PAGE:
Additionally, if you are a low income or middle income earner and fulfil certain eligibility requirements, you may receive government co-contributions when you make personal contributions to your super fund.

Are personal contributions to superannuation tax deductible?

Personal super contributions can sometimes be declared as deductions on your personal tax return, such as when you’re making a contribution out of your post-tax income.

Salary sacrificing your pre-tax contributions can’t be declared as a tax deduction, though these contributions are typically taxed at a lower rate than your marginal tax rate. Additionally,  salary sacrifice contributions effectively lower your taxable income each financial year for tax purposes, which can also affect your income tax return.

There are limits to the maximum amount you can contribute to your super as deductible contributions before the end of the financial year before it will start being taxed differently. Exceeding the maximum concessional contributions caps could mean paying extra tax.

Tax laws, rules and regulations can change regularly, so it’s important to consider checking the ATO website and/or contacting a tax accountant for financial advice before making changes to your superannuation contributions as part of a tax strategy.

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How to compare personal super funds

RateCity makes it simple to compare a wide variety of different personal superannuation funds side by side before making a decision. Using our tables, you can compare super funds by their recent performance, though this does not guarantee future performance. You can also compare the fees they charge to the features and benefits they offer, to better determine which super funds may offer the most value to you in your financial situation.

If you’re not certain which super fund may be best for you and your household, be sure to read the relevant product disclosure statements (PDS) and consider contacting a financial adviser for independent financial advice.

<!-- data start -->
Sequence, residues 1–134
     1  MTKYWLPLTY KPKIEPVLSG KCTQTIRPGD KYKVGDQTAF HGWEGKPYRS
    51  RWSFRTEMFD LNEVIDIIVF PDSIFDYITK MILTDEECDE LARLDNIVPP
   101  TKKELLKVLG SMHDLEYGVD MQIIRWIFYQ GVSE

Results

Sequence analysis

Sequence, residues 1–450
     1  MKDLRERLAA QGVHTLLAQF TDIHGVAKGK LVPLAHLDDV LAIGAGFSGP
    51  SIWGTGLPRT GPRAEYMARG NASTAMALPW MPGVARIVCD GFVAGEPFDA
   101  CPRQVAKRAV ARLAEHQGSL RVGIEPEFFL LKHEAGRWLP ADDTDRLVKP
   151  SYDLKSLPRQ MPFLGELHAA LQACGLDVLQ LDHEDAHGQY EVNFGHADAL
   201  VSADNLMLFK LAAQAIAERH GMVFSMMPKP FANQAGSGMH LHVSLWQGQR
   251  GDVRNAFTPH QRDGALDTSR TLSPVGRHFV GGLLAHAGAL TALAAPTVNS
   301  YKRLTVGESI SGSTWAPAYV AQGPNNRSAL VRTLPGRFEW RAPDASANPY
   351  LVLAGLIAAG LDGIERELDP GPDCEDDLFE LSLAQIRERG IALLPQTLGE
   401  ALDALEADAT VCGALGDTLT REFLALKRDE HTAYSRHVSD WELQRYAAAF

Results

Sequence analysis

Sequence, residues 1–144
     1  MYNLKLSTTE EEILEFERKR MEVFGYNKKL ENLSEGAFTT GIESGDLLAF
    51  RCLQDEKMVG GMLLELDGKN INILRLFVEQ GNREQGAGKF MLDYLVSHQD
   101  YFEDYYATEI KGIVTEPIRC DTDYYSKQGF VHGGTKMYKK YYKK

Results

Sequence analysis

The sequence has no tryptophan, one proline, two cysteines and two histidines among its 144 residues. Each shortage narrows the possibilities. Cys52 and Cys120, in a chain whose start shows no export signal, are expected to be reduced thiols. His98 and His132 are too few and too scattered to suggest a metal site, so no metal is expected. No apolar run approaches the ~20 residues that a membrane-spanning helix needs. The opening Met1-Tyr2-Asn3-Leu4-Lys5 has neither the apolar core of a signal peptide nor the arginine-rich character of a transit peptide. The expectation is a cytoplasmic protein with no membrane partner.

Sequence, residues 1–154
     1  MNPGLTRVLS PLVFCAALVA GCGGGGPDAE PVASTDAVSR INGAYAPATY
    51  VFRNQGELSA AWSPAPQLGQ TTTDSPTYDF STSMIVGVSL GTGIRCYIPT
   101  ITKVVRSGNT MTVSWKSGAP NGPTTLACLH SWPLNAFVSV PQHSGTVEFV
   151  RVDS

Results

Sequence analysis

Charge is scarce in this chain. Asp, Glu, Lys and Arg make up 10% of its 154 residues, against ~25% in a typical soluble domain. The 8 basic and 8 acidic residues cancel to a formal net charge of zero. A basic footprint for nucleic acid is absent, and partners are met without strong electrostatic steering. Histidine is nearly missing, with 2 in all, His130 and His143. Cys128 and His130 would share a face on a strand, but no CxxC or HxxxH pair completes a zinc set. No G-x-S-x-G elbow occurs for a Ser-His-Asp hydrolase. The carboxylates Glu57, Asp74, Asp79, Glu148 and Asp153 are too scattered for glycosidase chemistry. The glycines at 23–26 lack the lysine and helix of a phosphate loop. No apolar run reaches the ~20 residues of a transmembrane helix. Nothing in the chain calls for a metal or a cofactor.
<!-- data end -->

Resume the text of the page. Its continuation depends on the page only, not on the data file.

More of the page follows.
What are personal contributions?

A personal contribution is when you make an extra payment into your superannuation account. The difference between personal contributions and salary sacrifices is that the former comes out of your after-tax income, while the latter comes out of your pre-tax income.

What is salary sacrificing?

A salary sacrifice is where your employer takes part of your pre-tax salary and pays it directly into your superannuation account. Salary sacrifices come out of your pre-tax income, whereas personal contributions come out of your after-tax income.

Can I buy a house with my superannuation?

First home buyers are the only people who can use their superannuation to buy a property. The federal government has created the First Home Super Saver Scheme to help first home buyers save for a deposit. First home buyers can make voluntary contributions of up to $15,000 per year, and $30,000 in total, to their superannuation account. These contributions are taxed at 15 per cent, along with deemed earnings. Withdrawals are taxed at marginal tax rates minus a tax offset of 30 percentage points.

Voluntary contributions to the First Home Super Saver Scheme are not exempt from the $25,000 annual limit on concessional contributions. So if you pay $15,000 per year into the First Home Super Saver Scheme, you have to make sure that you don’t receive more than $10,000 in superannuation payments from your employer and any salary sacrificing.

What are reportable superannuation contributions?

For employees, there are two types of reportable superannuation contributions:

  • Reportable employer super contributions your employer makes for you
  • Personal deductible contributions you make for yourself

Can I transfer money from overseas into my superannuation account?

Yes, you can transfer money from overseas into your superannuation account – under certain conditions. First, you must provide your tax file number to your fund. Second, if you are aged between 65 and 74, you must have worked at least 40 hours within 30 consecutive days in a financial year. (Australians under 65 aren’t subject to a work test; Australians aged 75 and over cannot receive contributions to their superannuation account.)

Money transferred from overseas will generally count to both your concessional contributions limit and your non-concessional contributions limit. You will have to pay income tax on the applicable fund earnings component of any money transferred from overseas. You might also be liable for excess contributions tax.

This article was reviewed by Personal Finance Editor Alex Ritchie before it was published as part of RateCity's Fact Check process.